London ball

Randall Cobb of the Packers goes back in time in London

(Photo: USA TODAY Sports)

Going into Sunday, there have been just six instances in Randall Cobb’s career — a career that now has 147 games played — where he’s seen at least 13 targets.

Most recently was December 17, 2017, when Aaron Rodgers was back in the lineup for the first time since October following a broken collarbone. He hauled seven of those targets for 84 yards and a touchdown while Rodgers’ highlight of the day was the three interceptions he threw in an attempt to rally the Packers in the NFC playoff race.

Cobb, now 32, was one of the only bright spots on Sunday’s Packers offense at Tottenham Hotspur Stadium. His efforts were essentially in vain as the Packers failed to muster any points in the second half – except for the deliberate safety of Jamie Gillan in an attempt to clear the clock which offered them two points – for the second. times this season. It’s certainly not at the expense of Cobb, who finished the day just south of triple-digit receiving distance on seven catches.

Among team pass catchers with at least 10 targets through the first four games of the season, Cobb led the pack in receiving yards. His quarterback, Aaron Rodgersstressed during the week that Cobb deserved more chances in the target share, because “Every time he touches the ball, something good happens for us.”

This was undeniably the case on Sunday. Cobb’s reliability as an outlet for Rodgers helped the offense take an immediate 17-3 lead. Rodgers’ second pass attempt of the day was a 35-yard completion for Cobb on third-and-8, giving the veteran six third-down conversions this season. Even despite Rodgers pressing the issue, getting Cobb the football was never a manufactured concept; the head coach Matt LaFleur said it happened in the course of the game.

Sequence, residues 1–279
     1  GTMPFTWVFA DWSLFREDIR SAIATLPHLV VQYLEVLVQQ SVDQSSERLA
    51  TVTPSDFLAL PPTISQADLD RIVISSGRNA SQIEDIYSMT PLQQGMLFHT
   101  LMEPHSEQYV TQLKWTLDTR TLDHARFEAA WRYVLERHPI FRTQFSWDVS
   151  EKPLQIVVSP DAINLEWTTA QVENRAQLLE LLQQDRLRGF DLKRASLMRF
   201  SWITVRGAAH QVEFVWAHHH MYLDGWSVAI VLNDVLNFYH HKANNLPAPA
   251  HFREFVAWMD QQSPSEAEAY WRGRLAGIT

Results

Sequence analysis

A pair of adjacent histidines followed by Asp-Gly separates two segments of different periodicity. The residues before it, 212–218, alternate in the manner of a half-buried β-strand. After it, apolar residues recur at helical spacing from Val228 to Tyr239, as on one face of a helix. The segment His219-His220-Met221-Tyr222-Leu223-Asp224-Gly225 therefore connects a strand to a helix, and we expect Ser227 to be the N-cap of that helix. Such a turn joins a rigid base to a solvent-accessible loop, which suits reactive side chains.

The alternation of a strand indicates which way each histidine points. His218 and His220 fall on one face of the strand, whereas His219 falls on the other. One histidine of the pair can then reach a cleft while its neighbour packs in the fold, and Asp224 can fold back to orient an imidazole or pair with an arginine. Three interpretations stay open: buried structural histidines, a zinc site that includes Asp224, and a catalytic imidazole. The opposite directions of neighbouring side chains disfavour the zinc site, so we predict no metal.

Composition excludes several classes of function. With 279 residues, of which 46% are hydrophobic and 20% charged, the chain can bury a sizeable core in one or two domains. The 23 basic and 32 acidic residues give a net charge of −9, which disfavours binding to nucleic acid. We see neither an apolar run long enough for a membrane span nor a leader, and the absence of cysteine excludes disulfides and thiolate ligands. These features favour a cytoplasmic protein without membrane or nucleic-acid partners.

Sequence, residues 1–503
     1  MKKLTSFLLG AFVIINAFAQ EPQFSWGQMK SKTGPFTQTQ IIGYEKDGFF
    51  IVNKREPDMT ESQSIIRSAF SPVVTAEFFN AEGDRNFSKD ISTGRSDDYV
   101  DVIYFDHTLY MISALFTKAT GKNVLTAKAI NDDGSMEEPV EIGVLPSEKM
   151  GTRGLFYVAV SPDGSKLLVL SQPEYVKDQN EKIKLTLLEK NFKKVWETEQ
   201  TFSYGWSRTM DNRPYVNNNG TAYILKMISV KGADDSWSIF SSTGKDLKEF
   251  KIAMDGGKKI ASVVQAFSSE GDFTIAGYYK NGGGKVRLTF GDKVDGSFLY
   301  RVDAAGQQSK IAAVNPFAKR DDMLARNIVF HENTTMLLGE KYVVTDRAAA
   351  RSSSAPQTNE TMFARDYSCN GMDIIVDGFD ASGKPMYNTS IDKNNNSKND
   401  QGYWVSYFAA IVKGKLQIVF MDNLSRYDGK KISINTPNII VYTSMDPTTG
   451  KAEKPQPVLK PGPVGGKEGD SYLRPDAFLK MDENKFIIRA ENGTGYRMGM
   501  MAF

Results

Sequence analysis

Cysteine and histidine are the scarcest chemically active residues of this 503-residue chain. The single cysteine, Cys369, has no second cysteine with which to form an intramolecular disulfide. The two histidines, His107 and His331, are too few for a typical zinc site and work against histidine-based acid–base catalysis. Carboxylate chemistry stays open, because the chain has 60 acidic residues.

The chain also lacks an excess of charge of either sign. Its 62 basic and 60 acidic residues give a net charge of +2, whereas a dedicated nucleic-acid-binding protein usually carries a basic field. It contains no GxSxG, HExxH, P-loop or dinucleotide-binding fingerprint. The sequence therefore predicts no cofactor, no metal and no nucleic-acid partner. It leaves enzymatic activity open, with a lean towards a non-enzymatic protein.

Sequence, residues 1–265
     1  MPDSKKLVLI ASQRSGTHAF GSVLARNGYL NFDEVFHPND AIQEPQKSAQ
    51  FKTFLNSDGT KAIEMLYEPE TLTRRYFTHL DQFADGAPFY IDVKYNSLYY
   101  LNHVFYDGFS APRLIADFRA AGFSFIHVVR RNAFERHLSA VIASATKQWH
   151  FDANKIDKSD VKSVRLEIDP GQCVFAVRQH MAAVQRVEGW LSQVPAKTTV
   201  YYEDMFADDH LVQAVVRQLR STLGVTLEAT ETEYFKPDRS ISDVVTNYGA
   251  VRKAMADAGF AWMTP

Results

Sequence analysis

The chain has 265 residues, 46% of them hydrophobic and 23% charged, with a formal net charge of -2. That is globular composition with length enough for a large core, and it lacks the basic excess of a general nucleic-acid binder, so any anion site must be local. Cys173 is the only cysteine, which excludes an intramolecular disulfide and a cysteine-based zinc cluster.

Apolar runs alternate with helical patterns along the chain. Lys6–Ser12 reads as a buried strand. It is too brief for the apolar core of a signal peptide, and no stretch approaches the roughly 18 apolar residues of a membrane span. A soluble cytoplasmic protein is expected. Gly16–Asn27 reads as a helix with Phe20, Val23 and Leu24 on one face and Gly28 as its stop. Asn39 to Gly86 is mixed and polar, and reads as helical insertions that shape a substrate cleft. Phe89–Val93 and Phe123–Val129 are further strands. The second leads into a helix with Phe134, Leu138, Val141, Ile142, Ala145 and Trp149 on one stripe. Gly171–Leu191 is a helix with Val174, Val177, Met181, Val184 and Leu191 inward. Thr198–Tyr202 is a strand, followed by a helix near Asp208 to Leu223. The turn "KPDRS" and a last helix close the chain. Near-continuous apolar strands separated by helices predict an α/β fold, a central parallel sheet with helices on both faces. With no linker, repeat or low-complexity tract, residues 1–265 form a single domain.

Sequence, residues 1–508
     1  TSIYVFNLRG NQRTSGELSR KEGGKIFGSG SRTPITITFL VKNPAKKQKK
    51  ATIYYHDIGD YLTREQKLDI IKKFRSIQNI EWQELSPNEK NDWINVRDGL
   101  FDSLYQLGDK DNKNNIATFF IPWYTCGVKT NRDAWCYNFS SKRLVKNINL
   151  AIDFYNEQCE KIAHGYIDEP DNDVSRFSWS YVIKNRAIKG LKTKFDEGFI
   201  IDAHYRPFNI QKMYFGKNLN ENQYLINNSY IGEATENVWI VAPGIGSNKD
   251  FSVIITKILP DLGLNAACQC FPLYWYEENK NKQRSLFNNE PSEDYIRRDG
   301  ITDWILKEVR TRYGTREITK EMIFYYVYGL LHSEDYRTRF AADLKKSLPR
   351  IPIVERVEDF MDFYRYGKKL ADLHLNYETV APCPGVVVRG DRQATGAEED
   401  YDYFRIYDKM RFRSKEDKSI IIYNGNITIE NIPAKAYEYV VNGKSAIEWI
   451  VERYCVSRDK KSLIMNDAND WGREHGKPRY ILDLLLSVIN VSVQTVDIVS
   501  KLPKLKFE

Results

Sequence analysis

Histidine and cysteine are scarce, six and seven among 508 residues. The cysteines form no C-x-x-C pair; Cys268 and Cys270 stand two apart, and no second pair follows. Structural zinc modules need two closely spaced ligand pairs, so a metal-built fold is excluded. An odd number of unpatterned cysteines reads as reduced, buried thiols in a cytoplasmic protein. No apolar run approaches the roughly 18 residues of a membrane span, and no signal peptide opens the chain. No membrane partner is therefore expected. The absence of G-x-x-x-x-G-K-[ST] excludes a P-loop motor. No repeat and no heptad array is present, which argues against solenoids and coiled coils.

“I think it happened a bit naturally,” he said, “we took advantage of that. We thought he had won a few games and unfortunately we didn’t give him the ball enough, obviously. .”

Randall Cobb maneuvers after the catch against the Giants. (Photo: USA TODAY Sports)

Five of Cobb’s receptions and 76 of his yards came in the first half before the Packers’ offense hit his wall. They opened the second half with a seven-play, 46-yard drive that resulted in Dexter Lawrence sacking Rodgers and knocking the Packers out of field goal range. On the ensuing offensive possession, they went to three. Cobb was targeted twice in that span with just one catch from 14 yards: a dragging reception along the sideline that LaFleur had to challenge after initially being deemed incomplete.

“I’ve been telling you all of this for the past few weeks. I feel great,” Cobb said. “I would have preferred to have a victory rather than a good performance.”

Facing a third-and-one in the red zone, Cobb was on the receiving end of one of Rodgers’ two pass attempts. Both were downed at the line of scrimmage, turning the ball around and allowing the Giants to work 11 seconds near the clock.

It’s become apparent that Cobb’s presence, even in a rotational role, is paramount to the Packers’ offense. He is tied for second on the team in receptions with Robert Tonyan and leads in receiving yards. He’s also second in yards after catch — his 126 yards closely trail rookie Romeo Doubs’ 132.

After leaving last year’s win over the Rams with what was later diagnosed as a core muscle injury, Cobb picked up where he left off – he was in the middle of his best performance ever. year with four catches, 95 yards and a touchdown.

It’s only fair that Cobb once again becomes the same security blanket for Rodgers that he was throughout his career in Green Bay. After all, it was Rodgers who facilitated a trade for Cobb last summer when the Packers sent a sixth-round pick to the Texans in exchange for the reunion.

Zachary Jacobson is a writer for Packer Report and 247Sports. He is entering his eighth season with the Green Bay Packers. Follow him on Twitter @itszacharyj or contact him by email at [email protected].